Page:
Jobless immigrants in Spain agree to return home

14th January 2009, Comments 0 comments

Roughly 1,400 unemployed immigrants have taken advantage of a Spanish programme to compensatate them if they return to their country of origin, Labour Minister Celestino Corbacho said Wednesday.

MADRID - When the scheme came into effect at the end of November, the government estimated that up to 100,000 people would qualify and between 15 to 20 percent would apply for the compensation.

The number, however, was in line with the "government's expectations," the minister told radio Onda Cero. Media reports have put the average compensation sum at around 15,000 euros (20,000 dollars).

The minister said the programme should not be seen as "an exit so that all unemployed immigrants leave but instead it should be seen as an opportunity for those tho have lost their jobs to return to countries which are in experiencing economic growth."

Under the plan an immigrant qualifies for two lump-sum payments if they return to their native country and give up their right to live and work in Spain for at least three years.

After that period they can apply to return to Spain although they are not guaranteed readmission.

To qualify an unemployed immigrant must be from one of 19 countries outside the European Union with which Spain has a reciprocal social security agreement and be living in Spain legally.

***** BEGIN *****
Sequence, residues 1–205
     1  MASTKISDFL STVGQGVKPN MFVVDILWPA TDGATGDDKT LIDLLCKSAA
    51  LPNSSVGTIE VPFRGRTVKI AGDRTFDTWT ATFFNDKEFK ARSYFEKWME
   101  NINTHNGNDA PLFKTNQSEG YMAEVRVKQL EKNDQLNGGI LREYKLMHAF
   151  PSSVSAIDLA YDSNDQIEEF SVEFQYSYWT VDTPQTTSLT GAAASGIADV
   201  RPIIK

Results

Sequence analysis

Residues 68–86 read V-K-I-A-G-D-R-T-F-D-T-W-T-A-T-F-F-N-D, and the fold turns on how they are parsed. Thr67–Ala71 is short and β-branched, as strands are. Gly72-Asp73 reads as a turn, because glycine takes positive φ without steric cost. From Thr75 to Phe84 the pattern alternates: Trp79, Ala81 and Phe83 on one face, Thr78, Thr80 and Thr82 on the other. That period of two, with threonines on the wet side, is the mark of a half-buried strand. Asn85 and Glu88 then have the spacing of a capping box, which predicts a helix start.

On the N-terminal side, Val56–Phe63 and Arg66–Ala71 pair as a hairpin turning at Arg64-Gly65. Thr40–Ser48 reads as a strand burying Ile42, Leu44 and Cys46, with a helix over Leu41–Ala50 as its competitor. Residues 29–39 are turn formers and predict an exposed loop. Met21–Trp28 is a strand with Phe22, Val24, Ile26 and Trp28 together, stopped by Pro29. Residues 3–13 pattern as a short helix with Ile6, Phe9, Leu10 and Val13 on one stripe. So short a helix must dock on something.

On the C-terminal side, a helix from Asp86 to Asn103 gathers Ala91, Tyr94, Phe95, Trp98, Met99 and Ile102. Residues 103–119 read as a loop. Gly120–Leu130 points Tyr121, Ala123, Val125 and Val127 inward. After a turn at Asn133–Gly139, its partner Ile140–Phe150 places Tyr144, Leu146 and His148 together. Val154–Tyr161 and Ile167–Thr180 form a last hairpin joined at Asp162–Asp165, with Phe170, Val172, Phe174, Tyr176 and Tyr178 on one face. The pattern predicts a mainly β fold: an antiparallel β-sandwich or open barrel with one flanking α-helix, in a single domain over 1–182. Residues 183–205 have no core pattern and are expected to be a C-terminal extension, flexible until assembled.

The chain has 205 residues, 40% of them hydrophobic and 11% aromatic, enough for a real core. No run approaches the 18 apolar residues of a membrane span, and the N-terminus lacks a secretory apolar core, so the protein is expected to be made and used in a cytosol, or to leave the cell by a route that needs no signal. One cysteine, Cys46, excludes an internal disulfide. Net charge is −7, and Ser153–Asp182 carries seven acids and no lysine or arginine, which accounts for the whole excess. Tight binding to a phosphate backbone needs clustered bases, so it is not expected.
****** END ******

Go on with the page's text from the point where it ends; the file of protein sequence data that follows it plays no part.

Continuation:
Spain is facing its first recession in 15 years as an abrupt slowdown in the building sector caused by oversupply, higher interest rates and the international credit crisis spread to other areas, driving up unemployment.

The jobless rate hit 13.4 percent in November, the highest level in the 27-nation European Union, according to EU statistics agency Eurostat.

In media interviews immigrants cite a reluctance to give up their hard-won right to work in Spain and financial commitments such as mortgages as reasons for not applying for the programme.

Many also say they would be embarrassed to return home with little to show for their time in Spain.

The number of immigrants in Spain shot up from 500,000 people in 1996 to 5.2 million currently, including 2.2 million from outside the EU, out of a total population of 46 million.

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